A Review of Red Dead Redemption 2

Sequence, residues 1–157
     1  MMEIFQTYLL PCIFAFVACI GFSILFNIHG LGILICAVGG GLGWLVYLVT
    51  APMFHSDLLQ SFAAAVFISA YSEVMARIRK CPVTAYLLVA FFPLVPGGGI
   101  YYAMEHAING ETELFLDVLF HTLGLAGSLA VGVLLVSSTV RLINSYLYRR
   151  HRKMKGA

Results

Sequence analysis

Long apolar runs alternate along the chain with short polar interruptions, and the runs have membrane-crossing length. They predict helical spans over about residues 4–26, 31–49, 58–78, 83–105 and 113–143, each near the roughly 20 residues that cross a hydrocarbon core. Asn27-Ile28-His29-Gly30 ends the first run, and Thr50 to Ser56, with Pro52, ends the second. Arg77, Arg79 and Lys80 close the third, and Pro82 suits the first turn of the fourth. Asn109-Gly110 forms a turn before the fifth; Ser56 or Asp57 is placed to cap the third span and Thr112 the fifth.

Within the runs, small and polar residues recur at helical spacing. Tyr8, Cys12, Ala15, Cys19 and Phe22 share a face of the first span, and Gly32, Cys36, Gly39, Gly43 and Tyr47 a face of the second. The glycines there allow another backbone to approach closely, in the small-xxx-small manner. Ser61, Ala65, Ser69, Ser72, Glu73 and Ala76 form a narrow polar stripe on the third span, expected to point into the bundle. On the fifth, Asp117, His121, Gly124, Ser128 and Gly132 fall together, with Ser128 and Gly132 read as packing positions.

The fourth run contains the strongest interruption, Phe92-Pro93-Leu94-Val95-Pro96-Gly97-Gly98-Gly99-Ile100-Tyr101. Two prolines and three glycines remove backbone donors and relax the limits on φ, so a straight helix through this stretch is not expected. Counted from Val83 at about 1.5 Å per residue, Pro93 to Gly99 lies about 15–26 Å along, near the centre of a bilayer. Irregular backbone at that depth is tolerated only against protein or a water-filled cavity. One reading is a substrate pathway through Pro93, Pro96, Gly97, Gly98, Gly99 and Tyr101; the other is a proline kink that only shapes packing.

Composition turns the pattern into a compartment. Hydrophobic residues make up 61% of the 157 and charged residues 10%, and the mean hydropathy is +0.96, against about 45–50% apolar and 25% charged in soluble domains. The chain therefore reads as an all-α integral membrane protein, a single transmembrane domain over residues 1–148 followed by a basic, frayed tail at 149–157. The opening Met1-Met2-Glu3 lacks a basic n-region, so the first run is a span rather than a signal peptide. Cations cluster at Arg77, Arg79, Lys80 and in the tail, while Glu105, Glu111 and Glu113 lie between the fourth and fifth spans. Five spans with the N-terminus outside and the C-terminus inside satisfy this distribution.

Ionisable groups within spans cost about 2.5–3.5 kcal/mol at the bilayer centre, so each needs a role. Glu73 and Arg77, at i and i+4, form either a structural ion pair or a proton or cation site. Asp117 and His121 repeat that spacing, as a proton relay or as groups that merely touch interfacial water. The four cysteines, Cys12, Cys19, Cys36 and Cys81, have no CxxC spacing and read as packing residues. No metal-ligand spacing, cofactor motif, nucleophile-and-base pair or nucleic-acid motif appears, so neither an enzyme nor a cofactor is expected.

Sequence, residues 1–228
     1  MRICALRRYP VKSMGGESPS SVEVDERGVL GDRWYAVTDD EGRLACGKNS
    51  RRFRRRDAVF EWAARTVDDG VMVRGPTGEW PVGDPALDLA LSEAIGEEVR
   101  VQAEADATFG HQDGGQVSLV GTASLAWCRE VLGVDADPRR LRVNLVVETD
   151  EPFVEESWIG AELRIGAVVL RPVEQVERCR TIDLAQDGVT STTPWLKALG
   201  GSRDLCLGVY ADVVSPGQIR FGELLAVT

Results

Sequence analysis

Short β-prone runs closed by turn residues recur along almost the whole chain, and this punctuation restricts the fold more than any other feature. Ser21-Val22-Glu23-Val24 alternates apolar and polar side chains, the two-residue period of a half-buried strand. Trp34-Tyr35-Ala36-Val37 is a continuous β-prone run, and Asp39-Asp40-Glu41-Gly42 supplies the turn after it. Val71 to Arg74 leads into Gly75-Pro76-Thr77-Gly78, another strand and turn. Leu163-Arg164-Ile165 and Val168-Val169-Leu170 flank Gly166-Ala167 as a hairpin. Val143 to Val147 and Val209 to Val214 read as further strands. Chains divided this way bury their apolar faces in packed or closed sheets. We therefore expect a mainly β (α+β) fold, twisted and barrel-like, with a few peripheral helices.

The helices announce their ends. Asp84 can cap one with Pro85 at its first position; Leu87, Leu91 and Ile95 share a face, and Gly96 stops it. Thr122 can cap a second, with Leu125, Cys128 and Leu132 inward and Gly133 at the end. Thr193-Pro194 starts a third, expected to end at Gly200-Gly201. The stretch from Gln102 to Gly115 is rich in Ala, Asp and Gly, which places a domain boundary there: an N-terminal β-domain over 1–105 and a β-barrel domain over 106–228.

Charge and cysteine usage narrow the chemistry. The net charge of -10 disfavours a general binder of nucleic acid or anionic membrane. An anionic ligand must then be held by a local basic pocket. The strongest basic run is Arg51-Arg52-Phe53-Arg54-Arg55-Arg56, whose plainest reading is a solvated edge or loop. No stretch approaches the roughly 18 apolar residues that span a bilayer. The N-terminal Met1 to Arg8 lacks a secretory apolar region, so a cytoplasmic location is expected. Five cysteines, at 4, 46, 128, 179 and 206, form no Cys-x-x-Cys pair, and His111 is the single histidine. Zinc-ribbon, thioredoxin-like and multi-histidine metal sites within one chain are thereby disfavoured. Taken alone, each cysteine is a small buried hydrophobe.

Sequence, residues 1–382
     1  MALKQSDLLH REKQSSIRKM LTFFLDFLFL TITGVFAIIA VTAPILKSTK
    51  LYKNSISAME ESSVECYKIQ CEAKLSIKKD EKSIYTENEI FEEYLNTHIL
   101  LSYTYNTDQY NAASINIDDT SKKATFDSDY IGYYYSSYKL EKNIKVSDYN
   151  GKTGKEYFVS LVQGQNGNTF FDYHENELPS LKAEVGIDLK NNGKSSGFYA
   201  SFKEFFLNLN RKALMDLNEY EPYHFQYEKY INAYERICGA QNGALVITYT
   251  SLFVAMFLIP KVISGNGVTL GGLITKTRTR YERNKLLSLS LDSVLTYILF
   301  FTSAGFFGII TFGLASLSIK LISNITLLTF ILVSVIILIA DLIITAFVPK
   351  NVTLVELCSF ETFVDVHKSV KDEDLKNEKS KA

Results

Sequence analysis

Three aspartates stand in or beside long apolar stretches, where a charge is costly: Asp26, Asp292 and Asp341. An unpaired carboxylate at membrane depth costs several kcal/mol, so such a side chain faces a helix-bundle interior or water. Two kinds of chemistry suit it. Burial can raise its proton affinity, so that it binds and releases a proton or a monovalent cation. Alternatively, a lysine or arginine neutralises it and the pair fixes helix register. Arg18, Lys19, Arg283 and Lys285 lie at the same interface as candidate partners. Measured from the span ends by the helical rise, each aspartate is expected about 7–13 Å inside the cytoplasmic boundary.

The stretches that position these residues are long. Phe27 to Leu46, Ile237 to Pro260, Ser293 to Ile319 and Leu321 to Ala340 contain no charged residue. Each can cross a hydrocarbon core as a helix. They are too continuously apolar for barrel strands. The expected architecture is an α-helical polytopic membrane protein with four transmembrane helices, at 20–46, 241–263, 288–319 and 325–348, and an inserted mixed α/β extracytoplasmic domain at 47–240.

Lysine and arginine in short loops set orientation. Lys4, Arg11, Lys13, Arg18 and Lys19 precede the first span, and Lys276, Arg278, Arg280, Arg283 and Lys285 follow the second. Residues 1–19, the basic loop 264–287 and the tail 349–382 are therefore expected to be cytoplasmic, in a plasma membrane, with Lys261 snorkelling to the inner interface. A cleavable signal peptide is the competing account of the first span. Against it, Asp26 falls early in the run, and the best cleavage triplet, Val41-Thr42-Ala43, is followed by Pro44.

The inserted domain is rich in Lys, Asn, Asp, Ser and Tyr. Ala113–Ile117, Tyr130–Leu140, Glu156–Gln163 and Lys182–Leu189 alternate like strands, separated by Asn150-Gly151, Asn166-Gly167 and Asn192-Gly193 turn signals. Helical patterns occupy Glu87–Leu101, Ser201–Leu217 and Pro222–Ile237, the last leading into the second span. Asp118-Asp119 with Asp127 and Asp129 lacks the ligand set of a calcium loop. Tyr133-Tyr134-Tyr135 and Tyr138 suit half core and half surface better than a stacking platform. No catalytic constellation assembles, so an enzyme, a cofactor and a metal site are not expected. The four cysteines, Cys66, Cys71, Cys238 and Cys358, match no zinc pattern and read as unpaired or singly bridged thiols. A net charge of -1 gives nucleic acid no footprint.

I have a lot of weird, conflicting feelings about Red Dead 2 that, of all things, I think can be summed up in the game’s cinematic camera mode. It’s a mode we’ve seen in Rockstar’s previous open worlds, meant to provide the kind of thrilling cuts you’d expect in a Hollywood car chase, but funnily enough blasting through the streets in a Lambo doesn’t exactly lend itself well to a camera that could be providing a shaky helicopter perspective one second then locking itself to the wheel arch the next. Horses, as it turns out, move slowly enough that the same mode here likely won’t result in the wreckages found in the developer’s more contemporary cityscapes.It’s the same mechanical template, but it makes more sense when transposed to a different setting. It lets you take a break from the long rides between objectives as your horse automatically follows the path, allowing you to bask in the splendour of its environmental design and weather effects. Snow is legitimately blinding, god rays shining through the mist paint the vast wilderness as some mysterious, heavenly plane; all framed from the kinds of dynamic angles you’d see in the highest budget blockbusters. From animation to shot composition to environmental detail, this mode asserts in no uncertain terms that this is one of the best-looking games ever made. When taken on its own, however, you find that, mechanically, the mode is a means of further automating what little control you had during traversal. It presumes you’ll get bored mindlessly turning corners while watching the backs of your characters for minutes at a time, so gives you a way to break up the monotony inherent to your interaction.In short, it’s a means by which you can play the game less. It’s the developers saying “gaze in awe upon what we made. What we made is more important than what you do with it.” See, Red Dead Redemption 2, taken as a whole, feels like an almost complete shift when held up against Rockstar’s other games; less like the frantic, player-focused action romps of yore than a slow, fairly rigid interactive story—a game that isn’t so bothered about being played as it is about guiding you along its “experience”; its saga of characters dealing with the agonising decay of their way of life—each treating it with varying degrees of inevitability.Over the month it took me to complete the game (a remarkably and enjoyably prolonged period of time given the disposable nature with which people tend to chew up and spit out games nowadays) I saw characters convincingly grow and wither and die. I saw each of the game’s identically structured chapters culminate in the one big job meant to save the gang going increasingly awry and I saw leader Dutch’s mask slip away in the process—gradually revealing him to be the same kind of self-interested egomaniac he so often and vitriolically spoke against. I noticed it in the little details; from his ongoing lack of subtlety to the fact that he gives the same spiel to the Pinkertons as he does to John in the first game; gloriously reframing his noble death speech as merely a failed attempt to buy time and save his own skin.On the other hand, we have Arthur; initially striking me as a meathead blank slate but slowly becoming one of the most nuanced, likeable protagonists since BJ Blaskowics. A man who, in his recognition that his gang’s way of life is going to end, lines up with our knowledge of exactly what goes down; whose gruff exterior belies a man with a surprising penchant for words and an artistic eye. Whose borderline-absurdist view on life leads him, perhaps unwittingly, to help those in need – to protect them directly against Dutch’s bluster – making him a far more convincing paragon of his leader’s ideals than the leader himself, made all the more endearing for the fact that he never sees himself as any kind of hero.He’s a man who simply wants to experience the beauty of life’s small details with what little time he has left. And it’s a good thing too, because Red Dead 2 is all about selling you on its world through its minutiae, even if it doesn’t make things as easy for you as a player as it perhaps could. You’re not going to get constant dialogue to make your solo horse rides more engaging, because who the hell just talks to themselves? You’re not allowed to run through camp because, well, who the hell just sprints through their own home? Stuff like this may seem inconsequential, hell, even downright irritating, but it also represents an impressively subtle and naturalistic approach to characterisation for a game in which you can ride your horse of a cliff if you want to.On a more personal level, I found aiming to be such an automatic process that I struggled to notice anything other than aesthetic differences between a clean gun and a worn one but you can bet I maintained them anyway, taking the time to hold square as Arthur lovingly rid them of any muck. I customised them, painting them a garish gold and engraving handles with the most intricate, expensive designs I could, knowing full well Arthur’s grubby mitts would be covering them up the whole time.I liked the idea that, moreso than in other shooters where you might pick up a weapon and throw it away when something better came along, these were Arthur’s guns. I’d slowly pull them out of my horse’s cargo whenever I jumped off, even though there wasn’t any mechanical benefit to leaving them there or any reason as to why they weren’t simply on my back the whole time. Even if it didn’t necessarily impact moment-to-moment gameplay in a particularly noticeable way, the detail provided the world a tactility it would have otherwise lacked.That said, this was just one system in a wealth of systems I just couldn’t place the same level of meaning on. Take bounties, for example; whose limiting of fast travel ended up the far more perilous punishment for going off the rails than the few hunters the game would occasionally send my way to be summarily dead-eyed (and even then, money became such a non-issue after a certain point that the entire system was rendered almost redundant). And while the similar structuring of all of the game’s chapters serves to contribute to the growing sense of dread that Dutch’s much-talked-about plan isn’t all it seems, it doesn’t change the fact that almost every mission over the game’s entire 70 hours sees events devolve into an incredibly basic stop-and-pop cover shooter, feeling entirely at odds with the game’s storytelling strengths; making me feel like Rockstar are stuck in a kind of limbo—refusing to commit to an entirely story-focused experience for fear of alienating more action-oriented fans, with the action that does feature feeling stymied by the developer’s more… filmic ambitions.Take the moment I came up against a bounty I had to collect for the local sheriff. Interpreting Arthur’s character as a no-frills, get-the-job-done kind of guy, my first instinct was to creep up on him and use the lasso to get him on my horse as efficiently as possible. But nope, by greying out my reticle I found that the game had other ideas in mind—instead forcing me to “confront” him by pressing circle; or rather, the game wanted me to trigger a cutscene that would lead to a high-larious caper in which I’d have to stop him falling off the cliff then dramatically catch him on horseback. Or take the moment my horse would inexplicably slow down as I hammered the controller to escape multiple threats, because that was the trigger point for getting shot off said horse. Or when I spent ages running through a corn field, again lasoe in hand ready to catch the straggler I’d been looking for, only to find that character model wasn’t actually present in the world—rather, after running over a certain point, the dude would magically appear behind me, leading to a brawl whose intended surprise and tension was inevitably lost in how scripted it all was.In each example, the resulting cutscenes were all framed nicely, I suppose; in a vacuum you could say they were each a suitably “cinematic” sequence of events, but none were my sequence. I could have handled it; I wanted to handle these encounters in a totally different way – more in line with who I thought the character was – and the game betrayed my ability to do that in favour of its grander cinematic vision; something which I very recently praised the first game for avoiding. That game proved that you didn’t need big, showy set pieces in order to resonate with an audience, as long as what was there was consistent with how you played the game in other areas.In Red Dead 1 you had a barn and some dudes and you knew you were a goner. Here, the same set-up is just another shoot out whose undoubtedly impressive focus on the detail of its animations nonetheless has it playing like a Wild West Uncharted with less explosive set pieces and more rickety firearms. And for the missions to devolve into this predictable framework of ride to place, shoot at dudes is confusing, given the sheer density of controls and systems the developers could have weaved in. Button modifiers on top of button modifiers potentially allow you to do everything from pointing your gun up to fire warning shots to exploring a rudimentary dialogue system, and yet the missions never give you any choice as to how you use them—trying to talk someone down when you’re meant to shoot them (or vice versa) will either have no effect or result in a failed mission. At least there was narrative justification when Red Dead punished you for going off script—you were under strict orders from the Pinkertons who were holding your family hostage.Here, the same restrictions seem more focused on Rockstar forcing the cool stuff they programmed in front of your eyes. Like the side missions that seem to appear organically in the world but will repeat if ignored, the new controls give the illusion that this is some new type of mechanical framework for Rockstar to explore, when in actuality we haven’t moved that much further forward than a game released five years ago.In all, Red Dead Redemption 2 is the best TV show I’ve ever played; its daunting length almost wholly justified in how it sells the glacial decline of an age and the relationships of the utterly compelling characters within it, while the act of actually playing the game mostly feels like operating the remote control to get to the next episode. Taken holistically, I’ll cherish the month I spent with Red Dead 2; it’s rare you get to lose yourself in such an excessive, high budget piece of work delivered with the kind of swagger you can only get from a Rockstar game (again with the obvious caveat that said excess is not worth the wellbeing of the people realising it), that expects you to sit through its long story told so confidently that you perhaps gloss over its inconsistencies. But when examined with any great detail, you find those inconsistencies, the ways in which it lags behind more mechanically accomplished games, are difficult to miss and I can only hope that whatever they do next can perhaps more effectively weave their need to keep players engaged through action with their lofty storytelling ambitions.So I hope you enjoyed my piece on Red Dead Redemption 2. If you did and feel like supporting the show directly, feel free to check out my Patreon like these wonderful folks currently on screen, who also get access to things like episode soundtracks and patron-exclusive written pieces. Your unbelievably generous support makes this show possible and I can never thank you enough for that. Special thanks go to Mark B Writing, Rob, Nico Bleackley, Michael Wolf, Artjom Vitsjuk, Ali Almuhanna, Timothy Jones, Spike Jones, Laserpferd, TheNamlessGuy, Chris Wright, Ham Migas, Travis Bennett, Zach Casserly, Samuel Pickens, Tom Nash, Shardfire, Ana Pimentel, Jessie Rine, Brandon Robinson, Justins Holderness, Christian Konemann, Mathieu Nachury, Nicolas Ross and Charlie Yang. And with that, this has been another episode of Writing on Games. Thank you very much for watching and I’ll see you next time. .